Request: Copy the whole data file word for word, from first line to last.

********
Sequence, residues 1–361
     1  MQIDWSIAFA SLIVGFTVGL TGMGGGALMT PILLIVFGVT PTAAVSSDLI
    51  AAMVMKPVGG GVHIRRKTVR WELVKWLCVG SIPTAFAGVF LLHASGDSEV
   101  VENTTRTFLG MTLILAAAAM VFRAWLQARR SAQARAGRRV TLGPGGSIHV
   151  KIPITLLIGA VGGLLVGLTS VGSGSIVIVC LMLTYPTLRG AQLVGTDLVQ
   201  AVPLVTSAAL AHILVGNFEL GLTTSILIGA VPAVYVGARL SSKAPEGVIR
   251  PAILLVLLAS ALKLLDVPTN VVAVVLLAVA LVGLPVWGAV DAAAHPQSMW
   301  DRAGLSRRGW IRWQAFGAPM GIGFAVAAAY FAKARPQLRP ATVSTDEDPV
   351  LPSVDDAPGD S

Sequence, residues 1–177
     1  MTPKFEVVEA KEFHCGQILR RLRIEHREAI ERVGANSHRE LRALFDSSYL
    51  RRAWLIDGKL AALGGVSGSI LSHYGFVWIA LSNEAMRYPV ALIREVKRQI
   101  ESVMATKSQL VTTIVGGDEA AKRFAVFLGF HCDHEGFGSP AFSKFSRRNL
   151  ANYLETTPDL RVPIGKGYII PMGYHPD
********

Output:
Sequence, residues 1–361
     1  MQIDWSIAFA SLIVGFTVGL TGMGGGALMT PILLIVFGVT PTAAVSSDLI
    51  AAMVMKPVGG GVHIRRKTVR WELVKWLCVG SIPTAFAGVF LLHASGDSEV
   101  VENTTRTFLG MTLILAAAAM VFRAWLQARR SAQARAGRRV TLGPGGSIHV
   151  KIPITLLIGA VGGLLVGLTS VGSGSIVIVC LMLTYPTLRG AQLVGTDLVQ
   201  AVPLVTSAAL AHILVGNFEL GLTTSILIGA VPAVYVGARL SSKAPEGVIR
   251  PAILLVLLAS ALKLLDVPTN VVAVVLLAVA LVGLPVWGAV DAAAHPQSMW
   301  DRAGLSRRGW IRWQAFGAPM GIGFAVAAAY FAKARPQLRP ATVSTDEDPV
   351  LPSVDDAPGD S

Sequence, residues 1–177
     1  MTPKFEVVEA KEFHCGQILR RLRIEHREAI ERVGANSHRE LRALFDSSYL
    51  RRAWLIDGKL AALGGVSGSI LSHYGFVWIA LSNEAMRYPV ALIREVKRQI
   101  ESVMATKSQL VTTIVGGDEA AKRFAVFLGF HCDHEGFGSP AFSKFSRRNL
   151  ANYLETTPDL RVPIGKGYII PMGYHPD